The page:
Next week, we will reach a key point in the District’s response to the ongoing COVID-19 pandemic. On May 12, the Mayor will release her proposed budget for Fiscal Year (FY) 2021, beginning the process of determining funding levels for agencies across the District Government. Since our fiscal year starts in October and extends through September 2021, the Mayor’s proposed budget will not only shape the District’s continuing emergency response to COVID, but just as importantly, define how we recover from it.
Given the worrying news we have been hearing about the state of the District’s economy, including projected declines in local tax revenue, there will inevitably be pressure from some quarters to balance the District’s budget through austerity – to cut our way to economic safety. Indeed, we recognize that both the Mayor and the Council have some tough decisions ahead of them as they confront a new and rapidly-evolving fiscal reality.
However, we also recognize that a COVID-19 recovery that leaves behind already struggling communities – including low-income District residents, black and brown residents, immigrants, and residents struggling with homelessness – is not truly a recovery at all. If certain communities experience a less substantial recovery – as happened in the aftermath of the Great Recession – we risk seeing the continued growth of the same social and economic forces – including entrenched economic inequality and the displacement of longtime black residents – that have dominated the life of the District for many years and made members of these very communities particularly vulnerable during this pandemic.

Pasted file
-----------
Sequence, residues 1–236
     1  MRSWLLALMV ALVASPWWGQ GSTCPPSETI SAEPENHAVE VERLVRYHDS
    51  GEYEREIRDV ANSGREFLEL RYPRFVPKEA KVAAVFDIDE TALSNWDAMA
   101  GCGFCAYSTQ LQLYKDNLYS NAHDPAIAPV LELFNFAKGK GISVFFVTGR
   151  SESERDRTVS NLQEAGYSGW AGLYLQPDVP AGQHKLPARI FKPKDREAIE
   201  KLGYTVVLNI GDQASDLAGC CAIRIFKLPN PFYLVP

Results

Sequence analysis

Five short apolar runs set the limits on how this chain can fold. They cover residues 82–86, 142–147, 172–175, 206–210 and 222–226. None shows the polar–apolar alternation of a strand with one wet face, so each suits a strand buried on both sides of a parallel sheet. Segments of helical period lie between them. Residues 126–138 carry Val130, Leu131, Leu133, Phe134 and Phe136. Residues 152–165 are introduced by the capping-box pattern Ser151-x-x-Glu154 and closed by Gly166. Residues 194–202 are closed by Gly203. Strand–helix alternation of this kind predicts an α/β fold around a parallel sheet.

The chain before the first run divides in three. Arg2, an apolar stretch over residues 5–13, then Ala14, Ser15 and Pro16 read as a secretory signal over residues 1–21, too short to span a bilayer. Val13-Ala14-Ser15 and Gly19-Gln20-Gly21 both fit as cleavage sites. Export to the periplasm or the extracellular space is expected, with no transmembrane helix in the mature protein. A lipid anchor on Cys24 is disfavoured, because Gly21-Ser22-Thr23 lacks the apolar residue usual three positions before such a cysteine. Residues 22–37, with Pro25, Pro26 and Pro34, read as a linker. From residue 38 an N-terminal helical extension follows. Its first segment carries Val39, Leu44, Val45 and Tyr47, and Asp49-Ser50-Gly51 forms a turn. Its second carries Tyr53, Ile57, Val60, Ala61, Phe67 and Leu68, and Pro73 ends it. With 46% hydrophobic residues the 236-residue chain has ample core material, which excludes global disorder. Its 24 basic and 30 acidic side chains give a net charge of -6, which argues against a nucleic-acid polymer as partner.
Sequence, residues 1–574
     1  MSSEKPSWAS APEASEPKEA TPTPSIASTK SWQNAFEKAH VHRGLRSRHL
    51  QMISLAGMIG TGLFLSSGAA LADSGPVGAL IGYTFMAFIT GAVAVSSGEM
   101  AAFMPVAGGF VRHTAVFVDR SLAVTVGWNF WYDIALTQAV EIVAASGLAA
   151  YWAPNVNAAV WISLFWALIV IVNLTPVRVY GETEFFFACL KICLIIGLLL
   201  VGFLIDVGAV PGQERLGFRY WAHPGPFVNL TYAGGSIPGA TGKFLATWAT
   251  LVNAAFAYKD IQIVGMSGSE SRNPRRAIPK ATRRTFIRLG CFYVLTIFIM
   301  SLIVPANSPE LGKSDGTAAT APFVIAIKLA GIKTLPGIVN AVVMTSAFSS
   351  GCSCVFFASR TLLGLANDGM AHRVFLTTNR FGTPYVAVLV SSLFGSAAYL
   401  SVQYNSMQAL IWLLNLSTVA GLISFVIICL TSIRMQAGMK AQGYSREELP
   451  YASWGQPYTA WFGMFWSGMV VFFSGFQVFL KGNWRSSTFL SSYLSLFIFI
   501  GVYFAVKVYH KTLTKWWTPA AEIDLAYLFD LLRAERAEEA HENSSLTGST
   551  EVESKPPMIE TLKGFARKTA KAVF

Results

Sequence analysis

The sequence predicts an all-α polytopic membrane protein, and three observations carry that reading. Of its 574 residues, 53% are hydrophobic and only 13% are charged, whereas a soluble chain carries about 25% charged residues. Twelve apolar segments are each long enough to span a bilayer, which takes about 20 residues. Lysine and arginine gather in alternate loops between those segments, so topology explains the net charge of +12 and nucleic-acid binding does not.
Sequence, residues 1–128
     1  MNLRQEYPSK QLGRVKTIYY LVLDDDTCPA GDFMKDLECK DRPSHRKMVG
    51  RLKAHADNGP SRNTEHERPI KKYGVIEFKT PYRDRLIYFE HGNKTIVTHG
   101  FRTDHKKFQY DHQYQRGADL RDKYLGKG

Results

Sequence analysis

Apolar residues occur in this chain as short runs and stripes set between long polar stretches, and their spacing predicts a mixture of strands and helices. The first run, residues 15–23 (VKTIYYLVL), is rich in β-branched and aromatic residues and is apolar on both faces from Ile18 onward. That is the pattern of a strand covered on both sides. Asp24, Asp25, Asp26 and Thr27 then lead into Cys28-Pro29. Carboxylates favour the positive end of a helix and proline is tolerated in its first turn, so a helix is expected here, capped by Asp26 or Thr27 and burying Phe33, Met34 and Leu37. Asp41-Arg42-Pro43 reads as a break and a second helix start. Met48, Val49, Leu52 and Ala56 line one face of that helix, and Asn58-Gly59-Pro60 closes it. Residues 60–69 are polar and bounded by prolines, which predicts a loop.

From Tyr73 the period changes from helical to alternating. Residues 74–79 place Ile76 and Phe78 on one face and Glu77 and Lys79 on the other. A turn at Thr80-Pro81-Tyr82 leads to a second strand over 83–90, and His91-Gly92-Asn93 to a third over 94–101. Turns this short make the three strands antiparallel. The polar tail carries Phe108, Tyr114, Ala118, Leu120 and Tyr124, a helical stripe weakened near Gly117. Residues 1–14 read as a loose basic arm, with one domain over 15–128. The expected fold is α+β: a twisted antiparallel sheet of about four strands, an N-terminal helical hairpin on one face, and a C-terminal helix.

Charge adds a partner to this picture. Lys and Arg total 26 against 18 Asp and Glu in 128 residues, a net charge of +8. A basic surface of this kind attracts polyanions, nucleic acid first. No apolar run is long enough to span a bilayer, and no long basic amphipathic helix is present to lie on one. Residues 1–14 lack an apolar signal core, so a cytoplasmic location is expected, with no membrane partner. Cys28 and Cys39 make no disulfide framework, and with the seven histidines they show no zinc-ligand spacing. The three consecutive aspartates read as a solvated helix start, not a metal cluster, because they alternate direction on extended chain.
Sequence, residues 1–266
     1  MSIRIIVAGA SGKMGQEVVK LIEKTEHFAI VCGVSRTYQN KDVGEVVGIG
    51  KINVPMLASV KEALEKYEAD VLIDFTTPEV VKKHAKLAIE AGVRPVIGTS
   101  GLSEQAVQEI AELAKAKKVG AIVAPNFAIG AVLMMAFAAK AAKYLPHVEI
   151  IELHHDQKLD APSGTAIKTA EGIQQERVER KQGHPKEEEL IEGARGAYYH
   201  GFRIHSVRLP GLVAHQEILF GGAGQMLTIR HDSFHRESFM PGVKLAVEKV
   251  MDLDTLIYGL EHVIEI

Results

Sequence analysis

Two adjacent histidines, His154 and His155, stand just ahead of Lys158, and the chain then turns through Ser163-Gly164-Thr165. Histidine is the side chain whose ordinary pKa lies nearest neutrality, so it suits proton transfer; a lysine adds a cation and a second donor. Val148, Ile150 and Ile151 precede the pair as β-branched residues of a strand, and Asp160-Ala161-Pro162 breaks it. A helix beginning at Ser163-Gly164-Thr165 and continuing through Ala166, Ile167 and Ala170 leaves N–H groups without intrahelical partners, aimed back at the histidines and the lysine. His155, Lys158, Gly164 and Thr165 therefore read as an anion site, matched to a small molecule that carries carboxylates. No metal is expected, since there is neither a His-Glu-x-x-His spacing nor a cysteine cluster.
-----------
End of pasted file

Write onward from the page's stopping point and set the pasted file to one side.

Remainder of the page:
A true recovery must be one that all District residents experience. Therefore, we urge the Mayor, and ultimately, the DC Council, to focus on two principles as they shape the District’s budget for the coming year:
1. The budget must close gaps that continue to leave members of our community especially vulnerable to the type of economic and health crisis we are going through right now; and
2. The budget must ensure that, as we move from immediate crisis response to figuring out how to re-open and recover, we take steps to remedy previously existing inequality and prevent displacement.
The first principle is crucial to keeping us strong through a pandemic that isn’t likely to go away any time soon. The second principle will help ensure that our recovery doesn’t exacerbate economic forces that were already marginalizing thousands of District residents and forcing many out of the District entirely.
As this health emergency has unfolded, Legal Aid has spent a lot of time thinking about what a just and equitable recovery looks like, including some initial recommendations for FY21 budget priorities. These recommendations represent a combination of fixes for long-standing problems that have left us vulnerable and suggested responses to some of the new realities that we face. Just like our policymakers, we will continue to think about ways the District Government can better serve our client community, and you will be seeing more from us as events unfold. However, we believe that these recommendations represent a starting point for how we ensure that the District’s COVID-19 response and recovery does not leave communities behind. In our next two blogs, we will lay out our recommendations designed to implement these principles: (1) preservation of the safety net of income support and health insurance; and (2) protection against further displacement due to foreclosure, eviction, and high rents.